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Purpose in Africa: Doing well by doing good
Posted by
Nicole Velleman at 12:00

Brand purpose is one of the most powerful tools for growth and sustainability in a global marketplace devoid of trust in business. A brand's purpose is its reason for being - it goes beyond what you do, or who you're doing it for. Purpose is the why: why your business exists, and why that should matter.

Purpose is psychologically hard-wired into our motivations, and consumers are increasingly paying attention to how their brand choices can improve their lives in a meaningful way. They are choosing to buy from brands that support their values and aspirations, and gravitating towards brands they can engage with on a human level. In a meaning-starved marketplace, brands that know their purpose and use it wisely will build more significant, sustainable relationships and retain a more engaged workforce.

It's not about aggressively attaching yourself to causes or bombarding consumers with do-good messaging, but rather organising your business around a central reason for being that guides brand behavior and allows you to leverage your strengths for social good. Dove, for example, exists to celebrate the natural beauty that lives in every woman.

So what does purpose mean for businesses and brands playing in Africa?

Africa's economic performance over the past decade has been staggering. The IMF predicts growth in Sub-Saharan Africa will reach 6.1 percent in the next year, making it the second fastest-growing region in the world. Rising domestic consumption, a growing middle class, a young population, and the emergence of accountable and democratic governments are all contributing factors to Africa's steady economic performance. The continent is home to some of the world's most attractive emerging markets, but many societal challenges persist without much hope of resolution, and often governments do not have the ability, much less the appetite or intent, to solve these problems alone. The purposeful mind views these challenges as opportunities for commercial success. Business is one of the most powerful forces for driving social change, and Africa is hungry.

The Phillips brand promise -sense and simplicity- puts insight about humans at the centre of their operations. Since the introduction of the first incandescent light bulb in 1891, Phillips has strived to develop simple solutions that make lives easier. In 2012, Phillips launched an initiative to install 100 solar-powered lighting centres across rural Africa by 2015. Phillips saw opportunity in the fact that over 500 million people have no access to electricity, and that a basic solution has the potential to strengthen Africa's economic, social, educational and cultural activities. The LED lighting centres focus on schools linked to villages and towns, and will provide communities with powered areas that can be used for sports, education, healthcare and commerce. If you're thinking this is all about doing good - think again. Phillips already sells these centres as temporary lighting solutions in the developed world. The aim is to demonstrate that Phillips is a part of the quest towards a sustainable future through technology that has the potential to transform lives: smart business, if you ask me.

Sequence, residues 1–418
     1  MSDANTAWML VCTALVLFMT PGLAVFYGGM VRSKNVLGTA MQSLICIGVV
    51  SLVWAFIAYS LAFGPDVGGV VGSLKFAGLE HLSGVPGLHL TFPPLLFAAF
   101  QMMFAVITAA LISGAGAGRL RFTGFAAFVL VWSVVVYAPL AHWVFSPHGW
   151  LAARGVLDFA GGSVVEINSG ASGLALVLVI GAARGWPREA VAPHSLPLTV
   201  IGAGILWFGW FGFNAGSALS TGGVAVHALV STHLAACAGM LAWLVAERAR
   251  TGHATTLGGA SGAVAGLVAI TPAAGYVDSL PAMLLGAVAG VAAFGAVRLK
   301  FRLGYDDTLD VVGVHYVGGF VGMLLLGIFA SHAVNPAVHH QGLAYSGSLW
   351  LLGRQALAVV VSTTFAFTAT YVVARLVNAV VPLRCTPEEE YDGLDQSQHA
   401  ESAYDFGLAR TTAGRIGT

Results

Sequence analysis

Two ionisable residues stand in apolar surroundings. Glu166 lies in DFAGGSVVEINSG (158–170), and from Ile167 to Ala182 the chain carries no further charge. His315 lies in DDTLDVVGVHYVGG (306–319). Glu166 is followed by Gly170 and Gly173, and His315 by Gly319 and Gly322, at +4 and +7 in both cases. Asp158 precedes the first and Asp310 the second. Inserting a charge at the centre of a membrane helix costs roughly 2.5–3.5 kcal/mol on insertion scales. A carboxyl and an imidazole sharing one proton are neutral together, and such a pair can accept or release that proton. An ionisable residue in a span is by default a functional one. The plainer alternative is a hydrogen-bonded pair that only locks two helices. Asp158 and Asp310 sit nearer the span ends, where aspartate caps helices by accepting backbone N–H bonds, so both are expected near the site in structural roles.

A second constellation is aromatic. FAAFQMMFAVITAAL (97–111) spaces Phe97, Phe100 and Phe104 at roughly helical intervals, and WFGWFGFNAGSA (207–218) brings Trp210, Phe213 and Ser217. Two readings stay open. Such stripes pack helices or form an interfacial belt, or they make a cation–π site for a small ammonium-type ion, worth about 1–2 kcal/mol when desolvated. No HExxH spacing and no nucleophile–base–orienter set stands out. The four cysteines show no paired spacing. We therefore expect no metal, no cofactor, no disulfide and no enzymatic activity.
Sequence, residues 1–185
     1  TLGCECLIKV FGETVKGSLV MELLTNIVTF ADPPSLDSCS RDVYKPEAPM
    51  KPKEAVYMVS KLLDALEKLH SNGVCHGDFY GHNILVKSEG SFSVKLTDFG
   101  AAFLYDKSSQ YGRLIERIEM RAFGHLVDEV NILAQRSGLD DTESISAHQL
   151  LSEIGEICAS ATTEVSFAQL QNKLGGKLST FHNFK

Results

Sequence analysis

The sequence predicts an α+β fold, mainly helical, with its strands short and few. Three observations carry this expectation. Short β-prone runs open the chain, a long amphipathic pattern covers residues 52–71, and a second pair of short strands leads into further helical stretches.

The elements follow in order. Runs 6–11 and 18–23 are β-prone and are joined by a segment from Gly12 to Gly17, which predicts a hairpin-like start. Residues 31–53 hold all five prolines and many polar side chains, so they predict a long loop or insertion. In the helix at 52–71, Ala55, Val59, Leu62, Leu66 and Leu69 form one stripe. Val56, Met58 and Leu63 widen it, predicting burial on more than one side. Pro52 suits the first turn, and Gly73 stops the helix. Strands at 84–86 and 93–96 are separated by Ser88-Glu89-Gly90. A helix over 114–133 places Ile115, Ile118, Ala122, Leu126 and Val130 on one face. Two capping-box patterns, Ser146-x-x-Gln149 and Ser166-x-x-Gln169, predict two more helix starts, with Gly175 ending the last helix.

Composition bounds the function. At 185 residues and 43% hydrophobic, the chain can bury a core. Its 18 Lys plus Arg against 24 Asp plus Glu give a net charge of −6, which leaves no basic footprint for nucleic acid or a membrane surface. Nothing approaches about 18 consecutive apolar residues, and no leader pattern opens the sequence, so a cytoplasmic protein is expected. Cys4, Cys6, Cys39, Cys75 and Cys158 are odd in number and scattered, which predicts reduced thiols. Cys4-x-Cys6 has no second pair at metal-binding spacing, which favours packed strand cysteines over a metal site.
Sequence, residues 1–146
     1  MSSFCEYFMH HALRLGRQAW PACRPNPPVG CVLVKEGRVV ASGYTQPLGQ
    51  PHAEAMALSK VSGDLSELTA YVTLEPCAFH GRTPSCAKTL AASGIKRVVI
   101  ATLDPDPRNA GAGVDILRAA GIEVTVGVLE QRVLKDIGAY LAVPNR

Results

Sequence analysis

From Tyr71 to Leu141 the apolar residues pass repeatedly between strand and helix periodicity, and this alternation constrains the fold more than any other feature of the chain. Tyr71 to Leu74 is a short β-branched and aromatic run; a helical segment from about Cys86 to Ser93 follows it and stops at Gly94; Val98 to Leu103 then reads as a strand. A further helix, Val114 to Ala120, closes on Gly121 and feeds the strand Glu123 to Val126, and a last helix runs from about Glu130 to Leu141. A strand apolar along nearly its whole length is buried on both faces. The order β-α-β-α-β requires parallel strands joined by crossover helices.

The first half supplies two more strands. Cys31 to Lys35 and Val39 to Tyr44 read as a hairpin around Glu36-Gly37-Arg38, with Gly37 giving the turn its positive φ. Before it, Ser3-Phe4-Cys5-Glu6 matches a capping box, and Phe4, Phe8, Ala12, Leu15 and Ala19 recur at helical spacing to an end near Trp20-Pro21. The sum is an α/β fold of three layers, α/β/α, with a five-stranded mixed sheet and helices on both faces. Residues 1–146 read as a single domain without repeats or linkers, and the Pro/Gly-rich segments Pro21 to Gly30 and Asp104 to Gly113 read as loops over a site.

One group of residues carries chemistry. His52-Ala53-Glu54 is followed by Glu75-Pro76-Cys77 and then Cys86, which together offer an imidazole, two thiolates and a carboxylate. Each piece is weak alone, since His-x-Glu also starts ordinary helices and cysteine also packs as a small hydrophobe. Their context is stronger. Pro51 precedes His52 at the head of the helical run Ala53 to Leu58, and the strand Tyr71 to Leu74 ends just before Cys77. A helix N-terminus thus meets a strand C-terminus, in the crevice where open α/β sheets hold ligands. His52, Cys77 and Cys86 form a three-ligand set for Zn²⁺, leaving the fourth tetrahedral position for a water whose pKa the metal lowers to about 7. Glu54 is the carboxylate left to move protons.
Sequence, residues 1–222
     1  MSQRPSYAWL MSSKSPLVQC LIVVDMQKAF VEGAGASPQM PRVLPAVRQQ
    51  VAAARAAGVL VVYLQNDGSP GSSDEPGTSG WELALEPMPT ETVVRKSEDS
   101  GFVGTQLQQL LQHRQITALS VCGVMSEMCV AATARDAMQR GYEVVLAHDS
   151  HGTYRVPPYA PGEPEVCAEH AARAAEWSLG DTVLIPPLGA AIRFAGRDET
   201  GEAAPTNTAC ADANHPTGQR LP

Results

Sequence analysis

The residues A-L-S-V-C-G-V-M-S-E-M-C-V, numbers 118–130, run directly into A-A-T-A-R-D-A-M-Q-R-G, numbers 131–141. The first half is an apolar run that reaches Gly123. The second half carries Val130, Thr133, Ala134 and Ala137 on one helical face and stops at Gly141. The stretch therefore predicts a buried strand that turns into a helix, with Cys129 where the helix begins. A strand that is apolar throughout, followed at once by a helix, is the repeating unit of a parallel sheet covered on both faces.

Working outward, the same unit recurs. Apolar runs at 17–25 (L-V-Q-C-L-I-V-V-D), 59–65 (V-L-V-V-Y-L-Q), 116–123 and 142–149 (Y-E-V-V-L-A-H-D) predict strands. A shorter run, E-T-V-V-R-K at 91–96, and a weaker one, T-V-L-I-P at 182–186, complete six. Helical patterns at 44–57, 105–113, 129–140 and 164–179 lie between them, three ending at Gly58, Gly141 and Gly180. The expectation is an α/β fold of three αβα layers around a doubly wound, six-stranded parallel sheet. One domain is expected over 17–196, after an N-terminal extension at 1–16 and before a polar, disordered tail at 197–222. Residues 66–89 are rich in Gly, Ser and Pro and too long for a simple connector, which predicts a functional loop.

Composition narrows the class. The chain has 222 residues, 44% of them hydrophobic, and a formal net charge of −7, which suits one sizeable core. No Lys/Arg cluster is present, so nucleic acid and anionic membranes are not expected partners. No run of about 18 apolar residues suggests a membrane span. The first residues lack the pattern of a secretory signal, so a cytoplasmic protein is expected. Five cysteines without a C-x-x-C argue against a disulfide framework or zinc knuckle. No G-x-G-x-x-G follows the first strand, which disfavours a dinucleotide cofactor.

Mobile technology continues to transform African societies. Sub-Saharan Africa is the fastest-growing mobile market in the world, and this growth is driving innovation. Safaricom's M-PESA, a mobile-phone based electronic payments system, transformed the lives of Kenya's unbanked with a simple, compelling message: "send money home". From its beginnings as a basic text service that allowed people to transfer money to loved ones in remote areas through their handsets, M-PESA now processes more transactions domestically than Western Union does globally, says GSMA. Those without formal bank accounts can not only transfer money, but also save, invest, insure, pay bills, shop and apply for credit through M-Shwari. With 15 million subscribers and handling transactions responsible for 31% of Kenya's GDP, Safaricom is proof that purpose and profit are not mutually exclusive.

Brand purpose is not a nice-to-have when expanding into the rest of the continent. As African markets grow at unprecedented speed, it is the brands that understand their core purpose that will succeed. It's not about trying to save the world; it's about understanding how you can add value to the lives of your new customers. That means addressing their needs and aspirations and often, in Africa, that will mean helping them solve a societal issue that holds them back.

By addressing these needs you will bring about the good in a way that is unique, resonates with your stakeholders, integrates seamlessly into your business and brand identity and, most importantly, makes business sense. The brands that get it right will most certainly prosper.

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